HIV/AIDS In The Lives Of Gay And Bisexual Men In The United States
Section 2: Awareness And Opinions About HIV Prevention And Treatment
Gaps In Awareness About HIV Prevention And Treatment: PrEP, TasP, and When to Start
Most gay and bisexual men are not aware of current treatment recommendations for those who are HIV-positive, or of the latest developments in reducing new infections. Only about a quarter (26 percent) know about PrEP (pre-exposure prophylaxis), a recently approved prescription medication that people who are HIV-negative can take to lower their risk of becoming infected (this is somewhat higher than the general public, 14 percent). Three in ten (31 percent) believe no such medication exists, and over four in ten (43 percent) say they don’t know.
Gaps in awareness also exist when it comes to antiretroviral (ARV) treatment recommendations for those who are HIV-positive. Fewer than half (46 percent) of gay and bisexual men know that someone living with HIV should begin ARV treatment as soon as they are diagnosed, while 17 percent believe they should wait until their CD4 count falls below a certain level, and over a third (35 percent) say they don’t know the recommendation.1
While most gay and bisexual men know that antiretroviral medications (ARVs) are effective at helping people with HIV live longer (82 percent) and improving the health of people with HIV (77 percent), far fewer realize that they’re also effective in preventing the spread of HIV to sexual partners (36 percent) (otherwise known as “treatment as prevention” or TasP).2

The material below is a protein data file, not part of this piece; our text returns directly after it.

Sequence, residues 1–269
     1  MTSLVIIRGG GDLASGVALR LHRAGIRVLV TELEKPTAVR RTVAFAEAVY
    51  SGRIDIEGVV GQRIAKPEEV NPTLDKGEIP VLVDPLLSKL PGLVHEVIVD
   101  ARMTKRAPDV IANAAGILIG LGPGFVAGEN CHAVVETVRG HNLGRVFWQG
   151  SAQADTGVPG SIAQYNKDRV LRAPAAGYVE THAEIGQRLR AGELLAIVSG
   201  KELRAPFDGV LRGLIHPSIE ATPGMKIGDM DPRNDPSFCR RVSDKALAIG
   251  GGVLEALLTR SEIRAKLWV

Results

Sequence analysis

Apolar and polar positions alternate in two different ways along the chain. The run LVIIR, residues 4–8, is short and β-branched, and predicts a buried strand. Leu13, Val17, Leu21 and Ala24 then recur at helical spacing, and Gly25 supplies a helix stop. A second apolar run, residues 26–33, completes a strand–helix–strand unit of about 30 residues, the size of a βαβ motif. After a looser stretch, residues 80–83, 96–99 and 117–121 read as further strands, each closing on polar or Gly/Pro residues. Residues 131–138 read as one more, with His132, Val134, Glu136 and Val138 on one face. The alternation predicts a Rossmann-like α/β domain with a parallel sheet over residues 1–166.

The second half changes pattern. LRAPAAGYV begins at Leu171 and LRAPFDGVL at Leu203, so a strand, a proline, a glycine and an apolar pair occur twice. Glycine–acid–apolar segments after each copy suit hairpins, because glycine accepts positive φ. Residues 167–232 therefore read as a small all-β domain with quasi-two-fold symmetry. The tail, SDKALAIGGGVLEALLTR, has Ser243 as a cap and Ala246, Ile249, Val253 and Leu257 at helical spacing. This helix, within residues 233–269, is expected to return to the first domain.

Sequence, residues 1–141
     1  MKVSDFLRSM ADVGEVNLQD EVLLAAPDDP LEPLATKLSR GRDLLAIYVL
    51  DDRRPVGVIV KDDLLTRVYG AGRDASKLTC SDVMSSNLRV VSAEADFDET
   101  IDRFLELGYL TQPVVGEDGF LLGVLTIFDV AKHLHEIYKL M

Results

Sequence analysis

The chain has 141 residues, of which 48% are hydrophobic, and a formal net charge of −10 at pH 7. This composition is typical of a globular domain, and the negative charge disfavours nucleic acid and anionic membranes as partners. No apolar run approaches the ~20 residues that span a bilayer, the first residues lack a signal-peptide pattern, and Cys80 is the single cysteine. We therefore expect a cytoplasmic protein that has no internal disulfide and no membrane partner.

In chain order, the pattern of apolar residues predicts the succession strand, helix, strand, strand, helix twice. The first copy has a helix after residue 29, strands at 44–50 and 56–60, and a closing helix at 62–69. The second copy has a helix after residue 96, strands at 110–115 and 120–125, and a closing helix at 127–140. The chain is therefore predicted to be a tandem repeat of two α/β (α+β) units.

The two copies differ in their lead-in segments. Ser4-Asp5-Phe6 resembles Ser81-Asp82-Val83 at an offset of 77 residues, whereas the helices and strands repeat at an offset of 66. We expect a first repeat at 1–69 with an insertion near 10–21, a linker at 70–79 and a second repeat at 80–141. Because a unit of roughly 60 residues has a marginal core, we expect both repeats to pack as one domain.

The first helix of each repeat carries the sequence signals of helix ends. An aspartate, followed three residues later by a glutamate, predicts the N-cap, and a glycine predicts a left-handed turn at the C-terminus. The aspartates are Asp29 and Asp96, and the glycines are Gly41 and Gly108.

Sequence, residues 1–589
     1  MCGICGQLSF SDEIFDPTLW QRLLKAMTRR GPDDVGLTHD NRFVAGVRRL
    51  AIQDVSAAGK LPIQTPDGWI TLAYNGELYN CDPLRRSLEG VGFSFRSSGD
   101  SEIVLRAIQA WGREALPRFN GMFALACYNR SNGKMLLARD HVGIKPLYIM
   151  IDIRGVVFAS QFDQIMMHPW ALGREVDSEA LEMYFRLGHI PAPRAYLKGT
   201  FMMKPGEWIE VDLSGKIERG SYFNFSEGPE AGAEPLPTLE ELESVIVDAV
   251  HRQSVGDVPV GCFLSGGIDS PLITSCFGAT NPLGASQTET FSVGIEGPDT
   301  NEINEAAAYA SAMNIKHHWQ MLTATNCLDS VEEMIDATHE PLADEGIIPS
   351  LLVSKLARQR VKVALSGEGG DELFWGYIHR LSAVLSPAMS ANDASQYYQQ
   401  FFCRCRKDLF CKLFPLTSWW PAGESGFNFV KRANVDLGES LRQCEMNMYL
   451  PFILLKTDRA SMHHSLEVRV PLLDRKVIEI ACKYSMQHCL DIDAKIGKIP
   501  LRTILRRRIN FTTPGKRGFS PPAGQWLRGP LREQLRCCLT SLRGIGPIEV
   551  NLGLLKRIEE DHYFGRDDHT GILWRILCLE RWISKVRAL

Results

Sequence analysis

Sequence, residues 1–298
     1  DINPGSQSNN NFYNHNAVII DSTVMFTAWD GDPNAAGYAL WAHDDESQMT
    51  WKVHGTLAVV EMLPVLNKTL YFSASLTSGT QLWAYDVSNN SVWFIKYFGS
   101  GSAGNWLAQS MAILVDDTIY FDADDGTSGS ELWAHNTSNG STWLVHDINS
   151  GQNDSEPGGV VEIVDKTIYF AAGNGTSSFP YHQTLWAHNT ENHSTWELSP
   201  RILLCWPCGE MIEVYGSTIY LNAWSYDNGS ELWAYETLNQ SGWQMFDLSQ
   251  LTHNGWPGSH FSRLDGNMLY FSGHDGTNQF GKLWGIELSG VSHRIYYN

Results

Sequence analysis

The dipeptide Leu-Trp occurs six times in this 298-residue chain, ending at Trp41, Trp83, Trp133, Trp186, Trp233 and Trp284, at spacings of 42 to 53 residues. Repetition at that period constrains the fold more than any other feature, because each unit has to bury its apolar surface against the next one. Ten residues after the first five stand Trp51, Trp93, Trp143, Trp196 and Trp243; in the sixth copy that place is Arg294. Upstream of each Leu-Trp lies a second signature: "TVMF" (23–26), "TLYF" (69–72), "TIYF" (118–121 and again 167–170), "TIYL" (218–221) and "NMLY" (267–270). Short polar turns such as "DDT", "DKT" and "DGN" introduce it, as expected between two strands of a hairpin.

Further, only a quarter (25 percent) of gay and bisexual men know that if someone with HIV is taking consistent ARV treatment, it significantly reduces the risk of passing on HIV to their sexual partners (about the same as the general public, 21 percent). A plurality (39 percent) believe that consistent ARV treatment does not reduce the risk of transmission, and over a third (36 percent) say they don’t know enough to answer.
Men who identify as gay are more likely than those who consider themselves bisexual to be aware that taking consistent ARV reduces the risk of transmission (29 percent versus 15 percent), and that there is a prescription medicine HIV-negative people can take to lower their risk (32 percent versus 15 percent).
More About Pre-Exposure Prophylaxis (PrEP)
As noted above, just a quarter of gay and bisexual men know that a medication exists to reduce a person’s risk of contracting HIV. In a more specific question that mentions both the term pre-exposure prophylaxis (PrEP) and the brand name Truvada, just one in five say they have heard “a lot” (9 percent) or “a fair amount” (11 percent) about this new medication. One-quarter say they have heard “only a little” about PrEP, while over half (55 percent) say they’ve heard “nothing at all.” Just one in ten say they personally know someone who has taken PrEP for HIV prevention, including 5 percent who say they have taken the medication themselves.
When told of the existence of PrEP, just over half (56 percent) of gay and bisexual men say they agree with the view that the new medication “should be used as widely as possible among gay men because every available prevention tool should be used to limit the spread of HIV in communities at risk,” while about four in ten (43 percent) think it “should be used on a more limited basis among gay men because people using it may be less likely to use condoms consistently, putting them at risk for other sexually transmitted diseases.”
Gay and bisexual men ages 35 and older are more likely to support widespread use of PrEP (64 percent say it should be used widely and 35 percent think it should be used on a more limited basis), while those under age 35 lean in the other direction (56 percent say it should be used on a more limited basis and 43 percent think it should be used as widely as possible).